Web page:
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Eric Holder, U.S. Attorney General, Insists On Guantanamo Closure (PHOTOS)

AP     First Posted: 09/20/11 09:05 AM ET   Updated: 11/20/11 05:12 AM ET

By RAF CASERT, Associated Press

BRUSSELS — U.S. Attorney General Eric Holder said Tuesday that the Obama administration will do its utmost to close the U.S. prison at Guantanamo Bay before next year's presidential elections despite political opposition.

Holder said at the European Parliament that even if the current administration fails to close it ahead of elections, it will continue to press ahead if it wins the November 2012 presidential vote.

Republican presidential rival Rick Perry has said he is happy the U.S. prison at Guantanamo has been kept open.

Holder said the administration wants to close the facility "as quickly as possible, recognizing that we will face substantial pressure."

The campaign promise to close Guantanamo has been a major problem for President Barack Obama since he took office. He had promised to close the prison within a year but it remains open as his campaign for re-election gets under way.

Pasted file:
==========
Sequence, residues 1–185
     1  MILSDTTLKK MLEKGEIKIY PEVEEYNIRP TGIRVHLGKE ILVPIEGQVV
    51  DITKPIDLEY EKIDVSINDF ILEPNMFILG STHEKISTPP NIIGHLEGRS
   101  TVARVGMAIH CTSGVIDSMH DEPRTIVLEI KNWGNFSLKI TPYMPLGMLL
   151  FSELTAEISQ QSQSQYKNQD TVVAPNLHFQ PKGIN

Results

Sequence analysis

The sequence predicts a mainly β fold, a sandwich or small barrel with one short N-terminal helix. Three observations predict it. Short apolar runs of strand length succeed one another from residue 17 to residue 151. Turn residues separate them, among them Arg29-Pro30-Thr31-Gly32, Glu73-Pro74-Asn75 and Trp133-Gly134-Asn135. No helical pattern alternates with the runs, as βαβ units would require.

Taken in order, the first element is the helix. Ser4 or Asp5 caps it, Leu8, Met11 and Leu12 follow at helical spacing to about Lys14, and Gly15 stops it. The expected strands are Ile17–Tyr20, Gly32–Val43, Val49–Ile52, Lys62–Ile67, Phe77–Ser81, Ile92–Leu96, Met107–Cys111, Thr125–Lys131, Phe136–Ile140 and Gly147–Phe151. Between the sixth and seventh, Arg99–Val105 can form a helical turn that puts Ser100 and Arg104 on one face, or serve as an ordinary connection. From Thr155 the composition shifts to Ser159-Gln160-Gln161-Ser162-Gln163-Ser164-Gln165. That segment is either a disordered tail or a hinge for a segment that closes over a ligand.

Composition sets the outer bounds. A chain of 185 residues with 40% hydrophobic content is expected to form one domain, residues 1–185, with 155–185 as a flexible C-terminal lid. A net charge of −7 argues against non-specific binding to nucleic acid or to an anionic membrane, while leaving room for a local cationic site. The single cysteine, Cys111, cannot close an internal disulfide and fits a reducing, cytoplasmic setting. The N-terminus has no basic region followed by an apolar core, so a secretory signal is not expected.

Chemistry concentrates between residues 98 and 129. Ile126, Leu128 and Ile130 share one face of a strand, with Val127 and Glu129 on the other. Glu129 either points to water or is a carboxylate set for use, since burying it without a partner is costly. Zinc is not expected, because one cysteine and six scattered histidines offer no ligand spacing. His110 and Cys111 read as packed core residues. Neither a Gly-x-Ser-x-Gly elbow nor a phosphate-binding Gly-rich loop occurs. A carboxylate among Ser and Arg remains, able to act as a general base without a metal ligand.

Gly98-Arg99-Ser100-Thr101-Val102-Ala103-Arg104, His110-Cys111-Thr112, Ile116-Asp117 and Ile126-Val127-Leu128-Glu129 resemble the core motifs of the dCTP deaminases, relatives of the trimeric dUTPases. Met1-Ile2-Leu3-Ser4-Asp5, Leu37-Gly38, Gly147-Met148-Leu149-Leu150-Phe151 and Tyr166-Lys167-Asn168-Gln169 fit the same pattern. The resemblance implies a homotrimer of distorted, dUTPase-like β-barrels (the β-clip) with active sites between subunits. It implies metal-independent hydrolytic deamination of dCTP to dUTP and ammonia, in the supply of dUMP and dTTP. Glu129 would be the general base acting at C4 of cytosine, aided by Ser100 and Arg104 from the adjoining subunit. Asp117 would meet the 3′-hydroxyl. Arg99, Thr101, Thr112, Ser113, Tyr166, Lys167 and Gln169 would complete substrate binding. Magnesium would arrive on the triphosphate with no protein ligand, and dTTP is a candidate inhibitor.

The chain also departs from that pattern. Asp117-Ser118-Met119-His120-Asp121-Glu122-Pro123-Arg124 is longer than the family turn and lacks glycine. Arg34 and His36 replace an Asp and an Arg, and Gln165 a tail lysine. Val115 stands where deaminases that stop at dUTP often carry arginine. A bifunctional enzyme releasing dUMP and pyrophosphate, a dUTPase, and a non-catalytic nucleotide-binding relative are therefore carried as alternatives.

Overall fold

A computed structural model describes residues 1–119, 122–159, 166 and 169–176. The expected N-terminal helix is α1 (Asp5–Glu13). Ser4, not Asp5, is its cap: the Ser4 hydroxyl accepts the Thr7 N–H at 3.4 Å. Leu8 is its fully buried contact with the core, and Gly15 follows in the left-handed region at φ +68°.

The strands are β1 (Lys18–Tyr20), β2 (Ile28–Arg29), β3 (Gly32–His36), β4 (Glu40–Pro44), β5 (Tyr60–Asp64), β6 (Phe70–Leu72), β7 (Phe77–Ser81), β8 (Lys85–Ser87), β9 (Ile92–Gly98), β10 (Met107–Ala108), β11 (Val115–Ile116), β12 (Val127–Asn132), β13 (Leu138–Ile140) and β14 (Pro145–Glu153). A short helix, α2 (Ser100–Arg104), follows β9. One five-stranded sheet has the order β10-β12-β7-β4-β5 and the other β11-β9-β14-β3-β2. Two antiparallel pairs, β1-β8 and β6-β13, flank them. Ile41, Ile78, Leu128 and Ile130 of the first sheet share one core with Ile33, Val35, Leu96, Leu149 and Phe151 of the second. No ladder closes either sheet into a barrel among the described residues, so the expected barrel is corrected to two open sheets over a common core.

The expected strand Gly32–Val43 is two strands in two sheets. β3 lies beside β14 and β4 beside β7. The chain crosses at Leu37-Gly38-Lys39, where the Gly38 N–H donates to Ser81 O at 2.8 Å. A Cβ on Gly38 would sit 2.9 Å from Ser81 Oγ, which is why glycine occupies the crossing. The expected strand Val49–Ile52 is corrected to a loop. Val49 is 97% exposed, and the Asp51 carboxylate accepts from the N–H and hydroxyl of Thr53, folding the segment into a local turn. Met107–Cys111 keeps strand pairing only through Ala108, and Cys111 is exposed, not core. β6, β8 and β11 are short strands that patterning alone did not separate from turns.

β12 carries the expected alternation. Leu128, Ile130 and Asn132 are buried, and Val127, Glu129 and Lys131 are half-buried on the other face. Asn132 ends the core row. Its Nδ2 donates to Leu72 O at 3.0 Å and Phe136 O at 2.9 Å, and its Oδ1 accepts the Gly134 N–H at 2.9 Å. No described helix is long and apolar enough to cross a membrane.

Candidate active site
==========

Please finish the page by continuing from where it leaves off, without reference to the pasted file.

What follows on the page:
"We will be pressing for the closure of the facility between now and then – and after that election, we will try to close it as well," Holder said. "Some people have made this a political issue without looking at, I think, the real benefits that would flow from the closure of the facility."

The administration of George W. Bush opened the prison for terrorist suspects at the U.S. Navy base in Cuba, and Obama, amid a clamor on both sides of the Atlantic to close the prison, vowed to do just that and move the detainees elsewhere.

In December, congressional conservatives spearheaded legislation that barred the transfer of Guantanamo Bay detainees to the United States. In several other congressional votes last year, many Democrats joined Republicans in opposing bringing such prisoners to the U.S. for trial or detention.